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Techniques for Independent Production
The challenges of creating Digital Cinema and other narrative forms.

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Old May 20th, 2006, 10:47 PM   #16
Regular Crew
Join Date: Jul 2005
Location: Perth WA Australia
Posts: 124
Make it quick and feed them well!

Mike, I have just finished a 15min short called a Lemon Sweetened using volunteer actors and crew. I have worked on a number of films using volunteer, amateur and semi professional actors. Plan your shoot well and avoid time wasting and waffling about with decisions, nothing pisses off actors more than hanging around the set while the crew fumble around looking unorganised. Remember shooting indi films with volunteers you will always loose one or two people, actors or crew the day before your shoot.(It's Murphy's Law). If they appear unreliable at the audition times etc, then they will do the same when you start your shoot.Have a plan B.
My advice is to plan ahead and get your shot list,and crew tasks worked out in advance. Feed the cast and crew well and get the shoot finished as quickly as possible. Next week they could be tied up with other work, family matters ,cut their hair or changed its style.It's now or never.
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Old May 21st, 2006, 10:26 AM   #17
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Join Date: Jan 2006
Location: Ogden, UT
Posts: 349
Originally Posted by Don Donatello
maybe i'm missing something ??
you are the DP ..
actors perfromance/casting is DIRECTING ...
if the director ask for your opinion on the acting/casting you give it ..
other wise you have other worries/areas on a no budget ...
I appreciate your sentiment, and what you say is basically true, but since it is a fan film I'm not limited to just being the DP. That's just my primary role. I'm also in charge of visual effects and a few other things. I'm basically the director's right hand man, and I'm just trying to get as many ideas as possible so that when asked I have an opinion to give. But I get your point.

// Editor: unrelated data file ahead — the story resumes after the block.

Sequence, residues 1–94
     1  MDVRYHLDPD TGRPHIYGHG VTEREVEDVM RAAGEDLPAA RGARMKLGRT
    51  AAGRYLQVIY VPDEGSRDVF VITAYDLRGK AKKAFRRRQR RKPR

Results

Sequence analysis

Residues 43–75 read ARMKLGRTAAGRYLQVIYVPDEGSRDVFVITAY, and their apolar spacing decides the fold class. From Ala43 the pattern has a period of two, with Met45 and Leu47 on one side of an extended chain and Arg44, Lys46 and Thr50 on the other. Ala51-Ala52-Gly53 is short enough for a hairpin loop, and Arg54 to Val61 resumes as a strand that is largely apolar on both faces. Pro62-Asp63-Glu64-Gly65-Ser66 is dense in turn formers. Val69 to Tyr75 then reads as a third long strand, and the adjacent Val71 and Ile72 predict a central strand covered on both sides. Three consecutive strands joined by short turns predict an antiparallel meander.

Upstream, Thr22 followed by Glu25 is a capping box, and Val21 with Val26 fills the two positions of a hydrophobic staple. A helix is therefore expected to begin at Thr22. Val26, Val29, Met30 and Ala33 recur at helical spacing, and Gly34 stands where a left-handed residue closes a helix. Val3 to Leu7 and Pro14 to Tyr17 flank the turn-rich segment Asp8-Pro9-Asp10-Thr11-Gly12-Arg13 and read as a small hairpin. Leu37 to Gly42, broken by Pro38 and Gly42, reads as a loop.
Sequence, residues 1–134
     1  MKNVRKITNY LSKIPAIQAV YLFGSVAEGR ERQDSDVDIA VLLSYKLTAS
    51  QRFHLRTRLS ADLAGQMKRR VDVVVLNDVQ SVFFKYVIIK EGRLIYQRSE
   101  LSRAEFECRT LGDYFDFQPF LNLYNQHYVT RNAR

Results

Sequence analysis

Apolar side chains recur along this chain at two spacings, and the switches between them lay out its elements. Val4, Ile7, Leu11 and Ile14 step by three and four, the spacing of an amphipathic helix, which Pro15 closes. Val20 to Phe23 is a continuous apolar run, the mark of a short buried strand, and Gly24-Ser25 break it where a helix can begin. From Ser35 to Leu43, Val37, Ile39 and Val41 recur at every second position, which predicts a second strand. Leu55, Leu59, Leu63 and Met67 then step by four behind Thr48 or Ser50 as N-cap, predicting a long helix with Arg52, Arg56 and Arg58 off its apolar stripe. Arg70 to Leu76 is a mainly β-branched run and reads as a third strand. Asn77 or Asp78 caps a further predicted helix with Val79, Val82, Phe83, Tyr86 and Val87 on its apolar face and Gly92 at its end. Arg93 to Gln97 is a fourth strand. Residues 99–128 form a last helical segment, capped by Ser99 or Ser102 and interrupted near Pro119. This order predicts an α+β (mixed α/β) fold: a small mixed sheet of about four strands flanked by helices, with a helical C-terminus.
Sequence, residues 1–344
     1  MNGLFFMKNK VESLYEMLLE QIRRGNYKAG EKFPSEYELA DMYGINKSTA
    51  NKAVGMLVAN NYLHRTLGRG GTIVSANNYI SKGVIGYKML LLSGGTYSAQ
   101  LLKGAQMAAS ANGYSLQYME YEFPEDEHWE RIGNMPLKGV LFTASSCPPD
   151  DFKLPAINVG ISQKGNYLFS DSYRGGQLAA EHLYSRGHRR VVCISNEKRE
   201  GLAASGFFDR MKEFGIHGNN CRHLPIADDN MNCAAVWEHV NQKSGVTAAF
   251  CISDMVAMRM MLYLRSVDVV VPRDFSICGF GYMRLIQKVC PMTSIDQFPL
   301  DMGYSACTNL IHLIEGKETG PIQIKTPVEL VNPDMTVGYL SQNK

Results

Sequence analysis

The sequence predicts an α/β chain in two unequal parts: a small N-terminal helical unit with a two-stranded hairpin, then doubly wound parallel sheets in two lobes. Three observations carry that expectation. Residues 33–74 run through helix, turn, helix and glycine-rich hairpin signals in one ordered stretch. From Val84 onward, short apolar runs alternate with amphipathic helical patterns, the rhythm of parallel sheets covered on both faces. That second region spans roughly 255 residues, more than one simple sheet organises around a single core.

Excellent points, Marco and Joe. We're working out the shot lists now. I agree that we don't want to waste any time or we're really going to have problems. Luckily the film revolves around the two main characters for a good percentage of the scenes. The other scenes we can likely pick up a weekend at a time. That should help continuity and ease pressure on the actors. Ben mentioned that he might cut off the amount of people auditioning. I told him to get as many people as we can as (like you said) we're going to lose people and we'll need backups. I'm just glad to hear it from someone else.
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Old May 26th, 2006, 01:21 AM   #18
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Join Date: Feb 2005
Location: O'Neals, CA
Posts: 71
Off the top of my head...

*Be as professional as you can. Your actors will respect you for it.

*Be as organized as you can. Everything will go much smoother.

*Feed people well but not heavily. After a big meal actors don't have as much energy and it shows on-camera. (Don't do pizza unless it's the reward for wrapping for the day!)

*Be as organized as you can. You thought I was kidding the first time. Have breakdowns and shot lists (if not storyboards) for every scene. Get somebody who is a super-anal type to be your PA or AD.

*Budget rehearsal time. It may not be much but give your actors as much as possible.

*Treat your actors like pros. Make sure they each have their own chair and any other comforts necessary. Shade, jackets, water... whatever.

*Thank your cast (and crew) when you wrap for the day. Check to see if the actors need anything before they leave.

*Send out call sheets to everyone in the cast and crew even if they aren't required on that day. This helps bit players to still feel connected to the production.
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